Ivy league, no longer

In an earlier post, I traced the origins of the ivy that grew on the walls of the Van Vleck Observatory for much of its history. However, as you can see by comparing an early photograph of the observatory with the building today (below), the ivy has been removed. Why?

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Van Vleck Observatory circa 1930 (in black and white), and today (color). Black and white image courtesy of Special Collections and Archives, Wesleyan University. Current photo by the author.

For decades, architects, scientists, and gardeners have been debating the desirability of allowing vines to grow on building walls.  Some considerations were primarily aesthetic:

“A home should seem to be tied to the ground in such a way that it will appear to rise from it without a sudden and abrupt breaking of the surface.”
N. H. Ellsworth, “Planting the Home Grounds: The Use of Vines,” House Beautiful, Volume 48, July 1920, 200.

“…nothing can be more unsightly than a good building metamorphosised with heavy growths of ivy or other plants.”
Sir Thomas Jackson for Times, quoted in “Creepers on Buildings,” The American Architect Volume 120, December 1921, 14.

But others concerned the material impact the vines had on the buildings.  According to a note in The American Architect and the Architectural Review of December 21, 1921 (below), even then, creeper plants were thought to be damaging to masonry.  (Agreement on this point is far from universal.  A 2010 study by Oxford University scientists concluded that ivy can act as a thermal shield and protect brickwork from intrusive moisture.)

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“Creepers on Buildings,” The American Architect and the Architectural Review Volume 120, December 1921, p. 14. Image by Google Books.

From a closer look at the literature, it appears that the precise nature of the building material material determines whether a wall can sustain ivy without damage.  Some ivy plants apparently secrete an enzyme that erodes mortar of the kind found on historic buildings like the Van Vleck Observatory. According to Dave Hall, who maintained the grounds at Wesleyan University for over 30 years, much of the campus’s ivy was removed precisely because it was damaging the mortar.  It appears that the vines came down from the Van Vleck Observatory sometime in the late 1980s or early 1990s.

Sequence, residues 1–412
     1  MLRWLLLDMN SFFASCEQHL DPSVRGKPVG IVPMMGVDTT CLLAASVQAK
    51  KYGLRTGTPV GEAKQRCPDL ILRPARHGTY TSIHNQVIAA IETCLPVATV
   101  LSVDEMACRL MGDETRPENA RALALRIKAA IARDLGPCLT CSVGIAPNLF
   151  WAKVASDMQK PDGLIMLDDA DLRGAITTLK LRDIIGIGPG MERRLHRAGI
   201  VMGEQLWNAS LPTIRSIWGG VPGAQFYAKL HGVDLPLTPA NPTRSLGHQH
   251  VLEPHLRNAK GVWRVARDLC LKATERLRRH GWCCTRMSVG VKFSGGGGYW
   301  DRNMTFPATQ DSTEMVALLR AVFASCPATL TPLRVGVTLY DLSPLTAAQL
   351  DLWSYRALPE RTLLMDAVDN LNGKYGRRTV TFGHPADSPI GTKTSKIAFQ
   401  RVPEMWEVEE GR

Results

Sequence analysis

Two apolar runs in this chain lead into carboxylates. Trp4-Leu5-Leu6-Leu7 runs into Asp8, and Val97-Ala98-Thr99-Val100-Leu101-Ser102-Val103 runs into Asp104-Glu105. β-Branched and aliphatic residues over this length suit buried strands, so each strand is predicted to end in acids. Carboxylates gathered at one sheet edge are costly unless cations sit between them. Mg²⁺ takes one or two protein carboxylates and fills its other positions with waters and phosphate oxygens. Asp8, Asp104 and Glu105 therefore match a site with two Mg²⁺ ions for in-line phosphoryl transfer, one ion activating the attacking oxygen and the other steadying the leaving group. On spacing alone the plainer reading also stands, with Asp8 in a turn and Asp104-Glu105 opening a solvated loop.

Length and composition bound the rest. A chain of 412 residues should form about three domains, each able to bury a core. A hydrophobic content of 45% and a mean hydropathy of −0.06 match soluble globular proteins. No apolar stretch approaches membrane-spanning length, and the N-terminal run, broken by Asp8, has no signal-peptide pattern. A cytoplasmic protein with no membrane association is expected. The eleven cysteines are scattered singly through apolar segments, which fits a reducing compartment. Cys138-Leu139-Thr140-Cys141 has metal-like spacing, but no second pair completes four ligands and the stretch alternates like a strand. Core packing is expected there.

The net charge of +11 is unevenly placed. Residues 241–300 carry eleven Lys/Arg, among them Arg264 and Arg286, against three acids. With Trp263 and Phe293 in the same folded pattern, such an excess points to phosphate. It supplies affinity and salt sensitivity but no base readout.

Incidentally, Wesleyan was not alone.  Many colleges such as Middlebury, Harvard and Yale carried out plans to strip ivy off historic buildings as early as 1982.  Ivy league, no longer!

Van Vleck’s living walls

As I was going over old photos of Van Vleck Observatory, I noticed that the now-bare walls of the building were at one point covered thickly in vines. What is more, it seemed that the presence of ivy was not simply an afterthought, or a decoration to make the building more “academic,” but an important design feature of the observatory itself.

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Van Vleck Observatory, circa 1930. Image courtesy of Special Collections and Archives, Wesleyan University.

As the moniker “Ivy League” suggests, ivy has long been associated with college campuses. Planting a commemorative ivy vine at the base of an academic building has been a tradition of each graduating class at Princeton since 1866, and Smith College observes an annual “Ivy Day” at its commencement. Many Wesleyan buildings were formerly cloaked in ivy; the brownstone campus today looks much different than it once did.

But while the reasons for planting ivy may be partly traditional, at the Van Vleck Observatory, these vines were also grown for more practical purposes: to help moderate the temperature of the building itself. Ivy formed a living climate-control system, shading the brownstone exterior in summertime, and preventing the sorts of rapid fluctuations in temperature that might cause errors in measurement.

We can see how these considerations influenced the design of the building from the outset. Henry Bacon, most famous for designing the Lincoln Memorial in Washington, DC, was Wesleyan’s campus architect from 1913 to 1924. He designed Van Vleck with input from Frederick Slocum, the observatory’s first director. In a 1914 letter to Slocum, Bacon suggested the use of ivy to help regulate the temperature of the transit room, ensuring more accurate observations. In this sense, the building itself was a sensitive instrument, and ivy was one means of keeping it cool in the summer and warm in the winter.

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A letter from Henry Bacon to Frederick Slocum dated July 23, 1914 in Box 2 of the Henry Bacon Collection. Image courtesy of Special Collections and Archives, Wesleyan University.

Of course, aesthetic considerations were also at play. Bacon’s suggestion was later met with agreement by a member of the Wesleyan faculty who thought ivy would make the observatory “a handsome building.” The faculty member’s delightful comment was quoted by Frederick Slocum in his address at the dedication of Van Vleck Observatory in 1916:

Little bits of plaster,
Little blocks of stone,
Make a handsome building,
When the ivy’s grown. 

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